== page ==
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Feds give MedForce the thumbs up

Feds give MedForce the thumbs up

CHESTNUT RIDGE, N.Y. - When MedForce Technologies learned in July that its business software qualified as a "certified" electronic health record module, company officials did not take the news sitting down.

"We partied that day!" said CEO Ester Apter. "We worked hard to get certified."

To her knowledge, Apter said, none of her competitors have been certified, and that could give MedForce an important competitive advantage.

The "certified" designation means that some MedForce Scan users may eventually qualify for financial incentives from the U.S. government. The incentives have not yet been determined, but they are intended to give companies a reason to upgrade their software. The program is part of federal efforts to remove waste from the healthcare system by encouraging providers to become more efficient.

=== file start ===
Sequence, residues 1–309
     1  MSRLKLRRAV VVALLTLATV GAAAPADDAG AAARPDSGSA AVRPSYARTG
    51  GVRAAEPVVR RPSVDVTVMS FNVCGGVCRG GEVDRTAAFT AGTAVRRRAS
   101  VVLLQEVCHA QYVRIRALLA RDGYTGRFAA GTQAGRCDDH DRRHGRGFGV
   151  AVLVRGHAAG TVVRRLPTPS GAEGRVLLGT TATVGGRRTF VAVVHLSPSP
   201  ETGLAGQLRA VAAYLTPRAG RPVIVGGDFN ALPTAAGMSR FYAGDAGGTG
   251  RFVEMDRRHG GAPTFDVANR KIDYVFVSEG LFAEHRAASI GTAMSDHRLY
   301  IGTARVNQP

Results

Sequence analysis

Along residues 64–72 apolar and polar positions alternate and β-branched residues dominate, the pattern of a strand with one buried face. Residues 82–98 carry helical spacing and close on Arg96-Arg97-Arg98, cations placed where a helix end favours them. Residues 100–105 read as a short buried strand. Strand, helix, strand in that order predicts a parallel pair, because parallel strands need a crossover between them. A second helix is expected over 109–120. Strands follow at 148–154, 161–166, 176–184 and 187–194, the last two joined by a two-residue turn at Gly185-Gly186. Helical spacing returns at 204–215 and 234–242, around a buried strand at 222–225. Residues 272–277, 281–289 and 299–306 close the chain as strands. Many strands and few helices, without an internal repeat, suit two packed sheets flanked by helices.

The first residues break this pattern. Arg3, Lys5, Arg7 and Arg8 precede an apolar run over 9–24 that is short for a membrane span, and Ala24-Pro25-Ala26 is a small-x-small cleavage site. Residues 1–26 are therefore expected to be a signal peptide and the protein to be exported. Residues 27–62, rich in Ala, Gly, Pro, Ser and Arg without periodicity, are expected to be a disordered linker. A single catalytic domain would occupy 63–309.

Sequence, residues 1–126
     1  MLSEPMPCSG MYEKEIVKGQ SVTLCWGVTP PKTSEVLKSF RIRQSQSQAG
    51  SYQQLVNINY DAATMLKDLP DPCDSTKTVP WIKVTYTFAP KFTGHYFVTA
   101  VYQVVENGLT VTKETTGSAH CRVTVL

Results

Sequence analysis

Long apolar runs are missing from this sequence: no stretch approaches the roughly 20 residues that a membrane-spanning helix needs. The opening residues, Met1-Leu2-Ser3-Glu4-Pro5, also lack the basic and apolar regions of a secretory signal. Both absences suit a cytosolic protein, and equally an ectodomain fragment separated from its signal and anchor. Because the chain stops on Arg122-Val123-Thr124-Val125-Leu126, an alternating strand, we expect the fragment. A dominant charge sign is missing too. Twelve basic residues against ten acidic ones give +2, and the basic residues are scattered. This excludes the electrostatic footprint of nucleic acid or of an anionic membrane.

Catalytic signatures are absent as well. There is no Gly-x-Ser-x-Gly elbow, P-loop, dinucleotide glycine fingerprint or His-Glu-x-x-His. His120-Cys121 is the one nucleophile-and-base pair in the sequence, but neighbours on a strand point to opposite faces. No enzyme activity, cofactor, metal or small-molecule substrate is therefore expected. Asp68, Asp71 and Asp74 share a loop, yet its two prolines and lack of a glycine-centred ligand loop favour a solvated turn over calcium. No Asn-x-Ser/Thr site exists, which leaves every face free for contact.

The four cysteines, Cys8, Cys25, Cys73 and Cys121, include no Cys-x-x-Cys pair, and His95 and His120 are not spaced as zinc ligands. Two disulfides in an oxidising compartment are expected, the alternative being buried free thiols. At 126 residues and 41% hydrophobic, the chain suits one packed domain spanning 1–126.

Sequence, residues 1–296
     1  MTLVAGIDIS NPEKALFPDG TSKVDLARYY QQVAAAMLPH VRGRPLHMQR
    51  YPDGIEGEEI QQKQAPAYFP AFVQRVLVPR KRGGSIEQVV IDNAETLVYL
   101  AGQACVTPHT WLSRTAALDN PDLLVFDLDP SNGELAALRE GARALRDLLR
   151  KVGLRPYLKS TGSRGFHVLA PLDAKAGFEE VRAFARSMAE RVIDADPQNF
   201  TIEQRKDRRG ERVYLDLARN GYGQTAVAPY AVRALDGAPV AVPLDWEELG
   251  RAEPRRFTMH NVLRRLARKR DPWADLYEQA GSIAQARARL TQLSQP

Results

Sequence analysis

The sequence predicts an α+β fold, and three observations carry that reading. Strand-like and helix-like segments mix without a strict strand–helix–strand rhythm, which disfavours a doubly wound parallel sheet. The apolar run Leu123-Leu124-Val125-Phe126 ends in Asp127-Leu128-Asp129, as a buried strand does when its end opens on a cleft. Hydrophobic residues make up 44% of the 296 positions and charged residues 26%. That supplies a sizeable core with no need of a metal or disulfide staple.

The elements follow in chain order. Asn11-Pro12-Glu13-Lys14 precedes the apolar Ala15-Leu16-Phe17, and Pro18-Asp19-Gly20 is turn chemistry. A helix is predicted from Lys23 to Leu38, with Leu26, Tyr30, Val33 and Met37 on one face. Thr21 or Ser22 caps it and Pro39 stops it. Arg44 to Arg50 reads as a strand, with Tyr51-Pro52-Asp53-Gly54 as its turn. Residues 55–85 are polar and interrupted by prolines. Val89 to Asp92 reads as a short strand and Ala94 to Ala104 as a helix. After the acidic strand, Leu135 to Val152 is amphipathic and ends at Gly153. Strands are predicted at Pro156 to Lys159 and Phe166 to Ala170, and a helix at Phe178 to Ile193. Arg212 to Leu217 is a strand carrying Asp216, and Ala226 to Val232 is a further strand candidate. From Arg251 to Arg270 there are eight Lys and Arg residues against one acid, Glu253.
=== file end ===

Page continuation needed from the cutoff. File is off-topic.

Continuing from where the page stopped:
MedForce's software could eventually qualify for the incentive under the program's security requirement for electronic health records (EHR). This means the company's document management program takes the steps necessary to allow only authorized staff to view electronic health records.

MedForce received its certification, which is much like accreditation for HME providers, from the Certification Commission for Health Information Technology (CCHIT).

Currently, HME providers are not eligible to participate in the program, but that could change, said Apter, who's been "careful not to mislead anyone."

That said, a hospital, outpatient clinic or some other referral source that is eligible may prefer to work with an HME provider who uses certified software, she said.

Likewise, if the initiative stalls, and the incentives are never implemented, becoming certified "was a good exercise to go through."

"It's not just validation; it's an eye from the outside," Apter said. "It's a good thing to have some sort of certification."


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